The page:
Most people are not aware of it, but the capital of one of our nearest neighbors Jakarta, Indonesia after a government decision will be moved to another island because of the combined effects of climate change and the rapidly sinking of the city. It doesn’t get more dramatic than that. As a city home to more 30 million people, this decision – seen by many analysts as the first decision of many more to come for large coastal cities around the world – is almost too huge to imagine. Yes, it is ‘only’ the capital that is moving and not the entire city, but countless questions remain: Who will actually move? Will those in greatest need be assisted or just civil servants and the wealthy? What will happen to those left behind in a sinking and dying city that no one will want to invest in anymore? Will people receive compensation for looming property losses? How will people be able to participate in the decision of any moves to relocate the capital? Many of the world’s coastal cities will have to answer these and similar questions as rising seas, flooding and storms worsen with each tick of the average global heat index only going up.

Although global numbers still vary widely, the projected number of people who will have to move from their homes and neighborhoods throughout the world because of the effects of climate change continues to grow, with the World Bank in their important Groundswell report conservatively estimating that 216 million will have to find somewhere new to live, while other predictions are closer to 750 million people who will need to move and begin life anew. And the world is simply not ready for this, not just in Australia, but particularly in poorer regions of the world. The UN’s refugee agency UNHCR shockingly reminds us in a recent report, that internal displacement in all of its forms has increased seven-fold in only 15 years. What if this happens again before 2040? Where will these hundreds of millions of people go? No matter how it is sliced or parsed or talked up or down, it is obvious to anyone who looks that the climate displacement future is not a rosy one. Clearly, the world needs to be ready for this, and at present, it most certainly is not. Beyond Jakarta, cities as diverse as Venice, Lagos, Boston, Houston, Dhaka, Virginia Beach, Bangkok, Mumbai, Shanghai, New Orleans, Rotterdam, Alexandria, Miami and many others are already facing existential threats due to rising sea levels and other climate and related threats.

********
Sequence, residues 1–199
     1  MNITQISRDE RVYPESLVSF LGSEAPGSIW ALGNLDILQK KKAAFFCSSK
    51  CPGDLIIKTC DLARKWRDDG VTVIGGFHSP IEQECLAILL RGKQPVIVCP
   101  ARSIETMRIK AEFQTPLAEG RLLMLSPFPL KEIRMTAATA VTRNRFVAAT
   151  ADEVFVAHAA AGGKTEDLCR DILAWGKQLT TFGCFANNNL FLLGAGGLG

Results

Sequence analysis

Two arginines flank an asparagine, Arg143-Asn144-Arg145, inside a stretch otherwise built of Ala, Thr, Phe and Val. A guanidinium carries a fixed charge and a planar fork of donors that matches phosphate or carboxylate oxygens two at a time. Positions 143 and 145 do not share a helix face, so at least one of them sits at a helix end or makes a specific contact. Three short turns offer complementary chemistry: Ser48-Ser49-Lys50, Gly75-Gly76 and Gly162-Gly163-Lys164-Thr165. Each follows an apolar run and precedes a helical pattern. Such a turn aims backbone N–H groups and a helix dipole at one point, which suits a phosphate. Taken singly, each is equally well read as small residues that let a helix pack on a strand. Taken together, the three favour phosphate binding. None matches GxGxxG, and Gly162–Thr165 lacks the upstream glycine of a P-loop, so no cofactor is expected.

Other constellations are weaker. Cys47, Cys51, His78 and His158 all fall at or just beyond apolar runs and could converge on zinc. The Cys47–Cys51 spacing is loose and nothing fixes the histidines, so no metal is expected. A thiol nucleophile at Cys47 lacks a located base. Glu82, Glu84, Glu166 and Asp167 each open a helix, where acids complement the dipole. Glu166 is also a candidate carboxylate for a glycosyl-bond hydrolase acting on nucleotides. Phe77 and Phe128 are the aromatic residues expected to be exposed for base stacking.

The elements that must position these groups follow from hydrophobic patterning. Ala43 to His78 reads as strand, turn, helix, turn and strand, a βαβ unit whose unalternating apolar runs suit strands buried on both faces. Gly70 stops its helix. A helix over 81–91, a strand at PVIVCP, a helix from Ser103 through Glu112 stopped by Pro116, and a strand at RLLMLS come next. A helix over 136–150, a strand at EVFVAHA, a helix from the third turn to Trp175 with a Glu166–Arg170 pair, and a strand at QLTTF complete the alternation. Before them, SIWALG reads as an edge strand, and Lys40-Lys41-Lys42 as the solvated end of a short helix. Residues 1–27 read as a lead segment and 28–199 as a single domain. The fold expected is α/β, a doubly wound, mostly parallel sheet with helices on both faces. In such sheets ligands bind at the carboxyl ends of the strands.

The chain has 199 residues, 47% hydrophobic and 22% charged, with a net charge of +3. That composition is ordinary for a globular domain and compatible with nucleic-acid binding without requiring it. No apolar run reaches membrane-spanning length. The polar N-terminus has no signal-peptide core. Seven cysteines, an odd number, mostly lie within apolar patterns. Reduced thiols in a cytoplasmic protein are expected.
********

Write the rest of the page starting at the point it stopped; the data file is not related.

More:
These threats are increasingly recognized by a growing number of local governments and planning is underway as to how best to grapple with these previously unimaginable challenges, and Australia’s own policies can benefit greatly by paying attention to what others are already doing. Australia needs a whole new approach to determine where people live and what people should be able to expect from government to ensure that their housing, land and property rights can be protected. We need now to consider things that have previously been out of the question: Should communities be actively encouraged to relocate? Should people receive a house for a lost house and land for lost land through housing and land buy-back programs? Should people be legally prevented from building, or re-building in flood zones or likely to become flood zones? Does every local government even know the precise climate, erosion, sea-level rise and flood risks in the areas under their jurisdiction or do some simply leave it up to fate? Should real estate agents be legally required to disclose these flood or sea-level rise risks to potential buyers? Should all local governments develop climate land banks to ensure that a reserve of state land is available for future disaster-affected people? Shouldn’t the government and its ministers have a duty of care for children? The Australian population clearly wants action and in poll after poll the climate failures of the current government are on full display for all to see. The people are fed up with inaction, and these critiques are coming in from all sides – left, right, green and even rural right-wingers who watch as their isolated heat-stricken towns die a painful death as the effects of climate change worsen.